Mix, Paul E, The Design and Application of Process Analyzer Systems, John Wiley and Sons, New York, NY, USA, 1984, 312pp., ISBN 0-471-86518-4. This is an excellent book that combines analytical measurement theory, process analyzer instrument design, and field installation design. It includes separate chapters on basic sample systems, safety and maintenance and troubleshooting. The moisture analyzer chapter includes comments on corrosion monitoring, an often neglected area of process analysis. Though this book is likely out of print, it is an excellent addition to any process analyzer library.
Moore, Ralph L, Neutralization of Waste Water by pH Control, Instrument Society of America, Research Triangle Park, NC, USA, 1978, 159 pp., ISBN 87664-383-7. Also out-of-print, this is an early process analyzer reference on pH control in several types of neutralization reactors. It is a commendable resource for any process analyzer system organization with an interest in wastewater neutralization and treatment.
Nichols, Gary D. On-Line Process Analyzers, John Wiley and Sons, New York, USA, 1988, 300 pp., ISBN 0-471-86608-3. Nichols’s book is similar to Clevett’s, but has the advantages of being shorter and less expensive. Like Clevett’s book, Nichols’s book is out of print.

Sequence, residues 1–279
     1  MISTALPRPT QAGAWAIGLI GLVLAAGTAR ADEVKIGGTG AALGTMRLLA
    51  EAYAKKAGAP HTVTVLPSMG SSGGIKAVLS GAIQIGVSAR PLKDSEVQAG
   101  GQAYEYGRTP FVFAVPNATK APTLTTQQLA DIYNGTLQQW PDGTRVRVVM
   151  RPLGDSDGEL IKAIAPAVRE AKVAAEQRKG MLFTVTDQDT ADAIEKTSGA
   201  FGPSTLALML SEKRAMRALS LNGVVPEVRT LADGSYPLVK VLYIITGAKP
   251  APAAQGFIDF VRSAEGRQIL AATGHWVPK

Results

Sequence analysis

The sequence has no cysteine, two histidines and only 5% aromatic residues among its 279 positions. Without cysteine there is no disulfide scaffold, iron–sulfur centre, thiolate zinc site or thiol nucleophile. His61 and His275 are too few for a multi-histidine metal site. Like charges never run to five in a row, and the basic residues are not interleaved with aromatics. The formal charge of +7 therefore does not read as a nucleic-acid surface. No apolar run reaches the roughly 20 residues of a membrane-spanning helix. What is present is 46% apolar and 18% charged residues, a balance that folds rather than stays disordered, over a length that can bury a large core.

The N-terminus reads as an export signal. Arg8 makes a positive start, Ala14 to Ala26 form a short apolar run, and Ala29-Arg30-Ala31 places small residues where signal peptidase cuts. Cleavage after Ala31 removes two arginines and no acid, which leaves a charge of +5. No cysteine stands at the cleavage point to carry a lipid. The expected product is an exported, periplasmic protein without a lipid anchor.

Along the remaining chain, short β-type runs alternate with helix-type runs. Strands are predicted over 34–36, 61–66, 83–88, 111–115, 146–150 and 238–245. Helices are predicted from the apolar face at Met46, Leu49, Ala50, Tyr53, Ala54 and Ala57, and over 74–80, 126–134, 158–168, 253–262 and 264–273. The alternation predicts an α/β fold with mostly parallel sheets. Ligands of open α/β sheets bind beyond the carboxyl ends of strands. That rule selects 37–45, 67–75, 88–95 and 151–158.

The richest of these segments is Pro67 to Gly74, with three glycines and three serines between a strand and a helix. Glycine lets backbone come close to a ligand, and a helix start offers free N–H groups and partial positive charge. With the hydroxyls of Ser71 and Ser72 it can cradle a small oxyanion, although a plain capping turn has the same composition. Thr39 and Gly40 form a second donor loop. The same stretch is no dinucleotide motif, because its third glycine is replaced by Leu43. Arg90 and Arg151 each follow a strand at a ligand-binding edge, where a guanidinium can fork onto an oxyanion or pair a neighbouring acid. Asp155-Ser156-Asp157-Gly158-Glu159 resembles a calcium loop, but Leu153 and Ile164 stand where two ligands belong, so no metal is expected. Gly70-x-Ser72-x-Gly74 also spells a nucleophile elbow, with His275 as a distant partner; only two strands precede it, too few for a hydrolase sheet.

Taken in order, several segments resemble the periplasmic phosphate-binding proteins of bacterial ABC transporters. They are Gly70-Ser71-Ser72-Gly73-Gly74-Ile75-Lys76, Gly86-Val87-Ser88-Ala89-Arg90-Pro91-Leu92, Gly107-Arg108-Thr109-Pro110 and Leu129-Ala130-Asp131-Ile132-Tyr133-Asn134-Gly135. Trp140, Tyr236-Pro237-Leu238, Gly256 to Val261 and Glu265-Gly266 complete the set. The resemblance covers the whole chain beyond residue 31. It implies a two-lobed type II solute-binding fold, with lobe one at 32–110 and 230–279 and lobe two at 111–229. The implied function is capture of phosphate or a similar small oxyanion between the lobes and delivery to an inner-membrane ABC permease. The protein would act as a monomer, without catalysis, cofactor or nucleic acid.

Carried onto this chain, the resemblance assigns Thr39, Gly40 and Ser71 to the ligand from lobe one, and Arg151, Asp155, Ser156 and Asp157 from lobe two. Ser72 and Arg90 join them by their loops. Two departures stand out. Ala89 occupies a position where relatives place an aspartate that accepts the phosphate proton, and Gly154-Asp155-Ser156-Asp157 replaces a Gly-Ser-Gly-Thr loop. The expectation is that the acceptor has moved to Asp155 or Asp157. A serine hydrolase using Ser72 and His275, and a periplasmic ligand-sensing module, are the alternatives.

Sherman, Robert E, and R. E. Sherman. Process Analyzer Sample-Conditioning System Technology, John Wiley and Sons, New York, USA, 2002, 648 pp., ISBN 0-471-29364-4. This text explains how to use readily available industrial mechanical and electrical components to construct workable process analyzer system sample conditioning systems. Many manufacturers’ product cutsheets are reproduced in the book to demonstrate how to use the component or to show its operating characteristics.